You may think that once you’re done with job interviews or you’re self-employed then you will never need a CV again. But think again! CVs are an incredibly important part of the tendering process. They need to be thorough, up-to-date and relevant, and formatted appropriately.
CVs constitute the way the majority of buyers will look to identify your staff, assess their skills, qualifications and experience, and decide partially based on that. Buyers not only like but need to identify who does what in your organisation and look at the unique skills and experience each team member can bring to a project. Indeed, CVs are a great way to supplement your efforts to showcase the unique elements your team can bring to the table that other teams cannot. So, getting CVs right will really help you sell yourselves, and overall, help your case for winning the contract.
To help buyers identify all the things they want to see, all of your staff CVs should be formatted in a consistent fashion. This will make your team’s particular skills and experience stand out and to make the document easier for the buyer to read and digest.
Important things to ensure you have on a CV include:
- Official accreditations/certifications
- Eelevant skills
- Education history
- And, of course, full name and up-to-date contact details.
It is also usually a good idea to include a smart but friendly photograph of each team member on their respective resumés, against a neutral background. Therefore allowing buyers to put faces to the names they will be reading so much about!
For the sake of accuracy and thoroughness, we would usually recommend your staff to provide you with their own information regarding individual experience and qualifications and you work to develop these into high-quality and consistent company-branded CVs.
Despite the amount of work that needs to be put into a good, polished CV, and the amount of content each requires, it is very important to make sure your CV is not too long. Very few buyers will have the time or inclination to sift through reams and reams of information just to find the important parts. Hence, your CVs must be focused and concise, yet thorough. Mainly, so that the buyer can see the important details about experience, qualifications and skills straight away.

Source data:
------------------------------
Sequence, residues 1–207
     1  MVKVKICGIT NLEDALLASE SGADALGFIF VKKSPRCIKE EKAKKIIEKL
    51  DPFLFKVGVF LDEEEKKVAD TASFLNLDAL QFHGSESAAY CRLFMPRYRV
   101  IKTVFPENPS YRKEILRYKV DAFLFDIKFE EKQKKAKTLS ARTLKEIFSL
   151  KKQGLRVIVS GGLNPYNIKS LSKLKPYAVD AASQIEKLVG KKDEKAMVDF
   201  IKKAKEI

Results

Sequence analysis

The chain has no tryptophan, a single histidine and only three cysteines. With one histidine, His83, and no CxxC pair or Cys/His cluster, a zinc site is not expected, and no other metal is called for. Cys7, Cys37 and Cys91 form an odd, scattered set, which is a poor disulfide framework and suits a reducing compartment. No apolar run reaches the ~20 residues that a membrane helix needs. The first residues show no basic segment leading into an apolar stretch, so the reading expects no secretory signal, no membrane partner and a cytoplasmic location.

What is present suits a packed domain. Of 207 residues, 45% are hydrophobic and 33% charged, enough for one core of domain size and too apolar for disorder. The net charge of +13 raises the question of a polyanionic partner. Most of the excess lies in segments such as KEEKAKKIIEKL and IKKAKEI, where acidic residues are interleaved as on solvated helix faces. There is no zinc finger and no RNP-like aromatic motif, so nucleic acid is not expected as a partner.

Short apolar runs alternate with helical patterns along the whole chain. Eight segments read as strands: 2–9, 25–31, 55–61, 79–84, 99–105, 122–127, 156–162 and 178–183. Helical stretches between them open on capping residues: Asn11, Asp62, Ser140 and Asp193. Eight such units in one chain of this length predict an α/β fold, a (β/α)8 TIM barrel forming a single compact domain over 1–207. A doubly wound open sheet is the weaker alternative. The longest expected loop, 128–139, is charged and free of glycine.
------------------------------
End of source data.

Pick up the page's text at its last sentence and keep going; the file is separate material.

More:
It is usually a good idea to limit a CV to one side of A4 or two, at a maximum. Especially, if you have a lot of relevant information to detail. And of course, relevant is the keyword! A buyer probably won’t care if John from the Quantity Surveying department was Head of the Debating club at University! But they will care if he is a CSCS registered professional (for example).
How to perfect it:
Moreover, different sectors and organisations can present CVs in different ways. You need to be discerning and select the most appropriate way to present the information you have. This is dependent upon what your organisation does and the work for which you are bidding. For example, if you’re a creative agency and are bidding for video production or content production, it would be a good idea to do a video rather than a written CV, to showcase your creative credentials. Always think outside the box when you’re formatting your CVs.
Make sure to include the same things in a CV whether it be video, written or otherwise. Buyers need to see your experience, career history and key skills no matter which format you choose.
Always remember that whatever medium you choose for your CV, branding is a great idea. It looks neat, uniform and professional when your CVs all use standardised company branding in a subtle and distinctive way.
Top tips for a perfectly polished CV:
- Accuracy – make sure all information you provide is relevant and up to date.
- Precision– get to the point, don’t hide unique skills and impressive qualifications behind a cloud of rhetoric.
- Relevance – Provide only information relevant to the work for which you are bidding; this may involve tweaking your CVs every time you bid for work. Also, provide it in the format that the buyer is requesting (if stated).
- Uniformity– If you intend to brand your CVs make sure the branding is consistent across the board and that all logos included are the same colour, size and sharp and are placed in the same position. This will help your CVs look smart, professional and incredibly sleek.
- Format appropriateness – a video CV might not be the best method of presentation for an accountancy or logistics firm but would be ideal for a creative agency.
- Succinctness – more is less, the buyer will thank you for not providing paragraph upon paragraph for them to trawl through.
If you require any further information, please don’t hesitate to contact our Tender Consultants team who will happily work with you and your team to develop these.
Better yet, this is included in our Tender Ready and Tender Improvement programmes, ensuring you have highly-detailed CVs across your organisation.